Despite Promised Reforms, Rikers Island Case Backlog Keeps Growing

Eighteen months after the city’s mayor promised major changes in the criminal justice system, survivors want answers.

Rikers Island prison complex; Akeem Browder, brother of Kalief Browder. (Photos: Spencer Platt/Getty Images; Erik McGregor/Getty Images)

Oct 27, 2016· 2 MIN READ
Rebecca McCray is a staff writer covering social justice. She is based in New York.

NEW YORK—On Wednesday afternoon, Akeem Browder sat in a sparsely attended meeting in a windowless city council room, dressed in a navy blue suit and tie. The hearing was called to offer an update on what city officials have done in the past 18 months to speed up justice for people awaiting trial in New York City’s jails.

Sixteen months earlier, Browder’s little brother, Kalief, took his life. The 22-year-old had spent three years on Rikers Island, including 800 days in solitary confinement, waiting for a trial that never came. The city vowed to reform the system, but the Committee on Courts and Legal Services revealed this week that little has changed. When the mayor’s office announced its reform initiative, there were 1,427 people locked up on Rikers who had been awaiting trial for more than a year. Council members lamented that as of Tuesday, between 1,300 and 1,400 of the roughly 9,700 people behind bars at the jail still fit that description.

The long-awaited and underwhelming update comes two weeks after Browder’s mother, Venida, died of heart complications.

“I’ve now lost two people in my family,” Browder testified. “My brother is now suffering from major depression and saying he doesn’t want to be here without my mom. I’m suffering from depression. My other brother is drinking more. My mother held the family together.... She lost her life to this stress.”

She attended every one of Kalief’s more than 30 court hearings during his incarceration, going on to champion reforms in his name after his release from jail and then after his death.

“They told him, ‘We’re going to break you,’ ” Venida Browder said in a video interview with The Marshall Project before her death. “That’s what [the corrections officers] told my baby. And in reality, they did.”

Justice Reboot—the sweeping initiative Mayor Bill de Blasio launched 18 months ago—was touted as a means to overhaul some of the most criticized parts of New York City’s criminal justice system by restoring fairness and bringing it “into the 21st century.”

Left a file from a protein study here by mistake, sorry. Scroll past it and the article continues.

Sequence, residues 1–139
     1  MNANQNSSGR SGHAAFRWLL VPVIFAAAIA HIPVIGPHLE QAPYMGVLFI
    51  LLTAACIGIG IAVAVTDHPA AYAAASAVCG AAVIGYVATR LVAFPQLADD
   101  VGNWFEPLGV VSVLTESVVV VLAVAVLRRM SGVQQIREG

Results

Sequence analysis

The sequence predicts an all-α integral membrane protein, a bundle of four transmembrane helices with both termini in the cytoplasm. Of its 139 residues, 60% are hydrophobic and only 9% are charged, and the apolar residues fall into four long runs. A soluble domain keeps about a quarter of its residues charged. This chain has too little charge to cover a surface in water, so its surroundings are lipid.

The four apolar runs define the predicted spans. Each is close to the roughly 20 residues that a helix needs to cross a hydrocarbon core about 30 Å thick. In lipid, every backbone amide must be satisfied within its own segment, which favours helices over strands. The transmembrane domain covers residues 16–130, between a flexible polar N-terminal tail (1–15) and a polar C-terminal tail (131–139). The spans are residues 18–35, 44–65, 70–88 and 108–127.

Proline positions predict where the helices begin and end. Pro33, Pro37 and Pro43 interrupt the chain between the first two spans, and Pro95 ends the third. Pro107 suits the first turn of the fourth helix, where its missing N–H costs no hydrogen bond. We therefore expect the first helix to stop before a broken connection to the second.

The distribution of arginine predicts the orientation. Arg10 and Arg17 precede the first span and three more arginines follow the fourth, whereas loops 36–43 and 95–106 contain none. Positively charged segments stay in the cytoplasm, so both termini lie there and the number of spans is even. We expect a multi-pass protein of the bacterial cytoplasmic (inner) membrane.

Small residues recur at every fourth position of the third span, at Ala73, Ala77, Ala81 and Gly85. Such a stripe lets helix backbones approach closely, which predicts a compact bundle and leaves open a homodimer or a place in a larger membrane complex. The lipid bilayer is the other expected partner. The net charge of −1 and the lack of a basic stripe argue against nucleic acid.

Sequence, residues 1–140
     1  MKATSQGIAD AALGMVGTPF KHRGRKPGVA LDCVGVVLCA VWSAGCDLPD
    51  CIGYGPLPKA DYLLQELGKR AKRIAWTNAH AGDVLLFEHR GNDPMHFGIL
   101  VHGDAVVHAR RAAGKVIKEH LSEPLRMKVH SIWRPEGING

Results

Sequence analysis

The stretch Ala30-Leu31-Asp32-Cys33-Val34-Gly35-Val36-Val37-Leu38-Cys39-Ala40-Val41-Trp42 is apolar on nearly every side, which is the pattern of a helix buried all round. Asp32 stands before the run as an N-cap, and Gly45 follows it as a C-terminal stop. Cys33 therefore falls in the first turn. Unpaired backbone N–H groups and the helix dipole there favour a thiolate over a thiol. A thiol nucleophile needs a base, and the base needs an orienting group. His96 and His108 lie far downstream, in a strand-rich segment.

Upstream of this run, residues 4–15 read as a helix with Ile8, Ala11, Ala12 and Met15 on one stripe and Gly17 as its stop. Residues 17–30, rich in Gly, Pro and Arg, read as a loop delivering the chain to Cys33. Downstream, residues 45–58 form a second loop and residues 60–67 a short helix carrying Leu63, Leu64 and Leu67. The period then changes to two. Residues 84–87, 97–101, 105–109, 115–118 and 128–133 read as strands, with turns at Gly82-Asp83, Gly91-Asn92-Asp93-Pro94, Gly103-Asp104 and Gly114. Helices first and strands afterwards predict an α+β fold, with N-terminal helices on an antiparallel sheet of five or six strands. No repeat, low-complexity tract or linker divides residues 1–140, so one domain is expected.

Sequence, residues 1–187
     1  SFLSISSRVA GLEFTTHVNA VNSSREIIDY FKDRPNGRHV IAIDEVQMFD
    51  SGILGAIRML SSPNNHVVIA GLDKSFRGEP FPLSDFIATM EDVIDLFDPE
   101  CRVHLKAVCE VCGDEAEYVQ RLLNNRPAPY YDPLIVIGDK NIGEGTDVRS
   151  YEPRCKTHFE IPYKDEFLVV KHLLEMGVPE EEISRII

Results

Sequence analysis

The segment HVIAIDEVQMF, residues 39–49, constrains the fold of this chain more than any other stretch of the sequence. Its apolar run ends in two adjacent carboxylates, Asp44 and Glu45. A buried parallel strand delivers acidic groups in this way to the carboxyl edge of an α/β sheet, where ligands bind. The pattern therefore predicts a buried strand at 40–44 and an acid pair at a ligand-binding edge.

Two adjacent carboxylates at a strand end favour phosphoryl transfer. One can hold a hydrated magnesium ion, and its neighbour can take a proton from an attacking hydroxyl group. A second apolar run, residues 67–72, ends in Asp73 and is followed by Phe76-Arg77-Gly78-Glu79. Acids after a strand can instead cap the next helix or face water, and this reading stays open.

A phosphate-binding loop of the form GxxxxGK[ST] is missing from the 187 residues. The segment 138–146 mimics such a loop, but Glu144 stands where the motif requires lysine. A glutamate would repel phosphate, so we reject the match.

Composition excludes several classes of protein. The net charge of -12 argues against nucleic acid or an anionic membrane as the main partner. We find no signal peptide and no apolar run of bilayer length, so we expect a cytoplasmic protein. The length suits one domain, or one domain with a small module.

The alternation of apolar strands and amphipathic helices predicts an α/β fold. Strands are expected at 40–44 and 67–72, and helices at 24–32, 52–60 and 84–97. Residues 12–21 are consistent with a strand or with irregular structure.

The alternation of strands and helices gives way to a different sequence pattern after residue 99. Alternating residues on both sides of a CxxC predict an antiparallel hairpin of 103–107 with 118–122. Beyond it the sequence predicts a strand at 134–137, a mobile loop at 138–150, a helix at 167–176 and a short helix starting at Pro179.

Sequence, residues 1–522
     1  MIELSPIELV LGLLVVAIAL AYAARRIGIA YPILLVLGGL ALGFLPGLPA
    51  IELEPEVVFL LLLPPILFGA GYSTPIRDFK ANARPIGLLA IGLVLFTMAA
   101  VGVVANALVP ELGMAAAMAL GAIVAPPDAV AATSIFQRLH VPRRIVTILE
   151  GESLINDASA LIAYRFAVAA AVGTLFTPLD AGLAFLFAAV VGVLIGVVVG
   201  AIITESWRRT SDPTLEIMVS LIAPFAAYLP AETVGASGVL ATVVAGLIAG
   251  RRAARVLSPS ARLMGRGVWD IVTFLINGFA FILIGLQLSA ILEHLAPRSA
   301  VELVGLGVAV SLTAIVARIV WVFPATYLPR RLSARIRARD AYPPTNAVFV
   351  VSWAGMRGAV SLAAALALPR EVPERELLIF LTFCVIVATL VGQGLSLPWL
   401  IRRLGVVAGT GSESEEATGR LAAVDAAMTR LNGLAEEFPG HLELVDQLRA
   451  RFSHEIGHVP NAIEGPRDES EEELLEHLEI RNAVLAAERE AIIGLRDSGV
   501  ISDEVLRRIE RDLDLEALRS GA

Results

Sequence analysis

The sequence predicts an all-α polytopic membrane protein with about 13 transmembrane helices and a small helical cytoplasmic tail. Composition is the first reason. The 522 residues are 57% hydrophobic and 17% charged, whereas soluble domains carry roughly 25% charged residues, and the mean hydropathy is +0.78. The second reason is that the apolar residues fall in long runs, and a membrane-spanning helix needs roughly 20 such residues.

The plan had two main objectives: to reduce the number of people detained at Rikers Island who have been awaiting trial for more than a year and to streamline the city’s criminal summons system to make it easier to navigate. In spite of the lofty goals, the diagnosis on Wednesday was grim.

“We are barely treading water,” said Council Member Rory Lancman, chair of the Courts and Legal Services Committee, addressing the audience in the hearing room. “I wish that we were here today to celebrate the city having made progress, but we’re not.”

While representatives from the Mayor’s Office of Criminal Justice noted that they had cleared 91 percent of the initial 1,427 target cases and beat their deadline for doing so, associate counsel Chidinma Ume admitted that “the bathtub had filled back up again,” referring to the comparable number of cases that had replaced them. Pressed by Lancman and other council members on why more progress hadn’t been made, Ume and other staff members described bureaucratic hurdles and larger systemic challenges that stand in the way of making more significant progress while defending gains that have been made.

Ume noted that her office was “eager to share what we’re learning with the public” but that she couldn’t “promise a time line.” Following the hearing, the Office of Criminal Justice declined to comment on the record to TakePart regarding the next steps it might take.

“It’s very frustrating and almost unbelievable that the city does not have a single long-term solution 18 months after the initiative was announced,” Lancman told TakePart on Thursday. “Give us one thing that we can all rally behind and contribute to solving the systemic problems that make it difficult for cases to move through the system. We intend to keep pressure on the administration.”

RELATED: Watch Venida Browder Explain How Solitary Confinement Destroyed Her Son

Kalief Browder’s harrowing story became a nationwide symbol of the criminal justice system’s many shortcomings—both in and out of New York City.

Browder family attorney Paul Prestia testified on Wednesday that following the Justice Reboot announcement, which came just two months before he took his life, Kalief “was pleased that what he had spoken about was going to effect some change. This was one of several reforms inspired by [him].”

Yet, Prestia noted, little has changed—a frustration echoed by Akeem Browder.

“I don’t understand when the city stopped caring about families,” he said. “To know that my mother didn’t see justice before Kalief passed and before she passed is really hard for me. My mother did lose faith in what the system had to offer.”